May Day immigration march
ST. PAUL, Minn. -- The Minnesota Senate Wednesday passed the Dream Act, a bill that would allow some immigrants without documentation to qualify for in-state college tuition and financial aid.
The measure, sponsored by Sen. Sandy Pappas of St. Paul, passed by a vote of 41 to 23 as first generation immigrants watched from the Senate gallery.
"I feel happy, excited!" said Lourdes de la Luz, a Washburn High School graduate from Minneapolis.
"There's no words that express how I feel right now!"
De la Luz was born in Mexico, but was brought to the United States by her mother when she was six months old. She's made many trips to the State Capitol in the last few years, meeting with lawmakers and trying to make the case for the tuition bill.
"I've been living here my whole life, so I consider Minnesota my life and my home," she said.
After graduating, De la Luz took a year off so she could save money for school, and she is planning to attend Minneapolis Community and Technical College next year. Her goal is to transfer to the University of Minnesota to complete a four-year degree and work with youth.
"I want to work with students and give back something to the community that has helped me so much in my life."
Out-of-state tuition at the U of M is roughly 50 percent higher than in-state tuition. In the MNSCU system of state colleges and universities out-of-state students pay nearly double what their in-state counterparts pay.
"If you're a student from out of state and you move here and you live here for a year, you are eligible for in-state tuition and for financial aid," Pappas, a St. Paul Democrat explained.
"With these (immigrant)students, we're saying you had to have attended a Minnesota high school for three years and graduated, in order to qualify for in-state tuition and financial aid."
Pappas and fellow supporters fought off an effort by some Republicans to strip the financial aid part out of the bill.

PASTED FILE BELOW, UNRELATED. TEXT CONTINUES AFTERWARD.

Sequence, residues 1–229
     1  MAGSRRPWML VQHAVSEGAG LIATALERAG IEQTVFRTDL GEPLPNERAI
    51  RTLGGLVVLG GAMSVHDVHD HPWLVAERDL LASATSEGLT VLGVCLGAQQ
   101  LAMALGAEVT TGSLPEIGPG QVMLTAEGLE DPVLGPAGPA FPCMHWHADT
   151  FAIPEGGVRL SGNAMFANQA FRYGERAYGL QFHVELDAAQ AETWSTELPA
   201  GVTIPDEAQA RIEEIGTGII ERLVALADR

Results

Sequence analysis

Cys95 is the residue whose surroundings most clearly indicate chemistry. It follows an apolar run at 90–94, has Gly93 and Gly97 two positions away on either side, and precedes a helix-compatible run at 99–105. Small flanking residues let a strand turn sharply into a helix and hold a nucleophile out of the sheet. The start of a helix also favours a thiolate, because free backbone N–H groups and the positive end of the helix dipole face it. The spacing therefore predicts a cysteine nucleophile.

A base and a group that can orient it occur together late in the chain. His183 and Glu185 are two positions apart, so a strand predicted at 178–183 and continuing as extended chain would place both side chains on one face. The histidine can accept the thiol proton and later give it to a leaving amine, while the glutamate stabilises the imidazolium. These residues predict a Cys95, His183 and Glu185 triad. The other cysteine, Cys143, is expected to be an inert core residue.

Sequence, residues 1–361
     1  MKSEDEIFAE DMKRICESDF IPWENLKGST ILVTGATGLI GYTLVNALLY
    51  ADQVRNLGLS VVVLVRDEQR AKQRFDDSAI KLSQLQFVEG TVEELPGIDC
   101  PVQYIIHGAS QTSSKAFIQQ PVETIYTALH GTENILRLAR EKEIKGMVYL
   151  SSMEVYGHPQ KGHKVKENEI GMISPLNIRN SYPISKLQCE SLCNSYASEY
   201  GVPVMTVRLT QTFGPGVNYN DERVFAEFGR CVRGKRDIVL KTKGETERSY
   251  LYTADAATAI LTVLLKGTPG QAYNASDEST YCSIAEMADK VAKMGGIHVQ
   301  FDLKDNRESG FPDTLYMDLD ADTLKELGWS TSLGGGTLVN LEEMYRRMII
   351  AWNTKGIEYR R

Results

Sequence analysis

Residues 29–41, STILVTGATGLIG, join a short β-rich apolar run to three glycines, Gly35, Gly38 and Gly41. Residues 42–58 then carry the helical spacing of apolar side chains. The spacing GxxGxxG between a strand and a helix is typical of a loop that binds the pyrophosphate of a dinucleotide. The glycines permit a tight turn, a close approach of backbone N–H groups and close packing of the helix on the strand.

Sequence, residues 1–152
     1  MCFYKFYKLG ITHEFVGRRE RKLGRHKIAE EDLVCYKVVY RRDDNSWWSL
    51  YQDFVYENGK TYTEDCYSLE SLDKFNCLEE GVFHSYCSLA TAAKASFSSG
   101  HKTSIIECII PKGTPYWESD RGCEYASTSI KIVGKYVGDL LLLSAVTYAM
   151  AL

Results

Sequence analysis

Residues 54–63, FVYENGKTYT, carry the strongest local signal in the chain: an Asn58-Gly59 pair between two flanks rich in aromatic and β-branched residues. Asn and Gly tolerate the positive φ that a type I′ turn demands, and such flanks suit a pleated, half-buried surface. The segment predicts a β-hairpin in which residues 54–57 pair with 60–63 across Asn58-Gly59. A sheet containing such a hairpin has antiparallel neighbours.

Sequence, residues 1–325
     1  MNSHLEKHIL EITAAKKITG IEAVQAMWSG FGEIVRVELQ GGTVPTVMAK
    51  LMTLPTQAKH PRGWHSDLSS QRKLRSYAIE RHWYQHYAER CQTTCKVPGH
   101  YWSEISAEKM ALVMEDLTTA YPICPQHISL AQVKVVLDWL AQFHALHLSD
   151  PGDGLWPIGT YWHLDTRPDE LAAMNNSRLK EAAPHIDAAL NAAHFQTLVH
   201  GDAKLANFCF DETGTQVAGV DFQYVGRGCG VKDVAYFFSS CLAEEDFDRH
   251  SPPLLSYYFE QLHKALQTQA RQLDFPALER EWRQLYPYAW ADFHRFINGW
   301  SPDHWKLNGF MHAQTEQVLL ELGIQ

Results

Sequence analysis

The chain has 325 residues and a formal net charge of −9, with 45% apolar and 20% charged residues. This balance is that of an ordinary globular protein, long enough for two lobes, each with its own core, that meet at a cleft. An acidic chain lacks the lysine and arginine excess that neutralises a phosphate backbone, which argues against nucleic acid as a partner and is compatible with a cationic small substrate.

Sen. Eric Pratt, a Republican of Prior Lake, asserted that undocumented immigrant students should not get priority over other students when it come to financial aid.
"We already have legal residents in the state that don't qualify for aid that are struggling to make college tuition payments as well," Pratt said.
But Pappas said the bill merely evens the playing field for children who were brought here by their parents, people who either came to the U.S. with permission or overstayed temporary visas.
"Financial aid is so significant because even in-state of $8,000 to $12,000 a year is not attainable for these kids," Pappas remarked.
The vote coincided with a May Day immigration reform march that began in downtown St. Paul and ended on the south lawn of the State Capitol.
This last time the Dream Act has this much momentum in the Minnesota Legislature was in 2007. The measure appeared headed for passage that year as part of an omnibus education bill.
Legislators stripped the Dream Act language out of the bill that year, after receiving a letter from then-Governor Tim Pawlenty threatening to veto the entire education bill if contained the tuition language.
That sentiment still exists among some conservatives. Sen. Julianne Ortman, a Chanhassen Republican, argued on the Senate floor Wednesday that Minnesota should not go ahead with the tuition bill because immigration reform is federal issue.
But Sen. Patricia Torres Ray said the mood of the nation and Minnesota is changing, noting that the Minnesota Chamber of Commerce supports the 2013 version of the Dream Act.
She said the business community is beginning to look at the demographic reality that many skilled professionals in the Baby Boom generation are retiring, leaving holes in the state's labor force.
"Many states are going to be following this because we believe it's important to retain high-quality students," said Torres Ray.
"And that will become the labor force we want in the state of Minnesota in the years ahead."
There is no matching companion bill in the Minnesota House, but Pappas said she will offer it as an amendment during the House/Senate Higher Education conference committee.
If she's successful it would send the Dream Act to the full House for a vote, and to Gov. Mark Dayton who supports the idea.
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